I’ve made this point in various ways before: We obviously do not know exactly why God allows certain evil acts to occur, but the answer is certainly NOT going to be, “Oh, you care more about sick children than God does,” or, “God wasn’t paying close enough attention when the Holocaust happened.”
Let me try to crystallize the impudence and ignorance of such second-guessing by picking a very specific act of evil where we do know the full story. Imagine someone confronting God in the following manner:
I really question your motives. If you’re supposed to be omnipotent, then why did you let this totally innocent man–he was a carpenter from Nazareth–get brutally tortured and then murdered? This one wasn’t even close. The guy did nothing but go around teaching people and helping them recover from illnesses. But because he spoke truth to power, the authorities had him killed. How you can sit back and let that happen just proves you have a sick sense of justice. Christopher Hitchens was right.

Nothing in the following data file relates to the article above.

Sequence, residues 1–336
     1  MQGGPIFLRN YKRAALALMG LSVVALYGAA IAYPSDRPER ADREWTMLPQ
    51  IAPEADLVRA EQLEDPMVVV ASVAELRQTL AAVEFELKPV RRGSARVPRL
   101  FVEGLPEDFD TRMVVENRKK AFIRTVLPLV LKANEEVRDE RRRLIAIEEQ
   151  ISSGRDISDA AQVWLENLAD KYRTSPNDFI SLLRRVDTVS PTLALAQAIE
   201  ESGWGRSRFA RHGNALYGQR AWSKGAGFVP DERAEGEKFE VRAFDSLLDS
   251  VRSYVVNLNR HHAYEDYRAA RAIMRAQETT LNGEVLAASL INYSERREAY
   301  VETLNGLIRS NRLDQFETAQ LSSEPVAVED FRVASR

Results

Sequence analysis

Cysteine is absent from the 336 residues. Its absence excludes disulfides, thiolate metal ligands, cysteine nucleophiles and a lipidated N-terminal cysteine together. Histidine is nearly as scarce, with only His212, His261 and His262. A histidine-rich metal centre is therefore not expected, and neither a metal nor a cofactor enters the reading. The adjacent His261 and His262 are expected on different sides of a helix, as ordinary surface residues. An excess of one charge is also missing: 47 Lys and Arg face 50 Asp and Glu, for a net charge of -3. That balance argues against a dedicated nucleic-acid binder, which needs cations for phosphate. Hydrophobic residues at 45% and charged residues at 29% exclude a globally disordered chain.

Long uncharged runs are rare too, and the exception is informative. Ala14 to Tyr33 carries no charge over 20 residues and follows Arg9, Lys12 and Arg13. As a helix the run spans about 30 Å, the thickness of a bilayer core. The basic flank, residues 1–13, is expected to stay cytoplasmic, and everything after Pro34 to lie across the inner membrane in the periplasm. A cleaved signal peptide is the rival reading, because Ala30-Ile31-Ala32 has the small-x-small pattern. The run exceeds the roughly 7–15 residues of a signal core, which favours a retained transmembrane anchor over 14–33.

Now if you don’t believe anything like the God of the Christian Bible exists, fair enough, this post may strike you as irrelevant. But many atheists (including Hitchens) go further than that, and argue that even on its own terms, Christianity is monstrous. There are famous arguments contrasting God’s omnipotence with His benevolence.
So in response to those types of immanent critiques, I offer the above thought experiment. The Christian is able to reply very specifically on this, the worst of all injustices in human history. The answer is much more than simply saying, “Well God wanted free will” or “Adam and Eve brought sin into the world.”
No, on this particular act of evil, God could say, “Of course this was a horrible act. My understanding and moral code are infinitely more developed than yours. But given the structure of the universe–which I designed for quite specific reasons–this was a necessary event in order to save humanity from itself.”
To repeat, if you want to throw out the whole gospel as a string of tall tales, OK. But on its own terms, Christianity has a very good answer for why God allowed the worst act of evil ever. I am confident that He has good reasons for every other act of evil as well.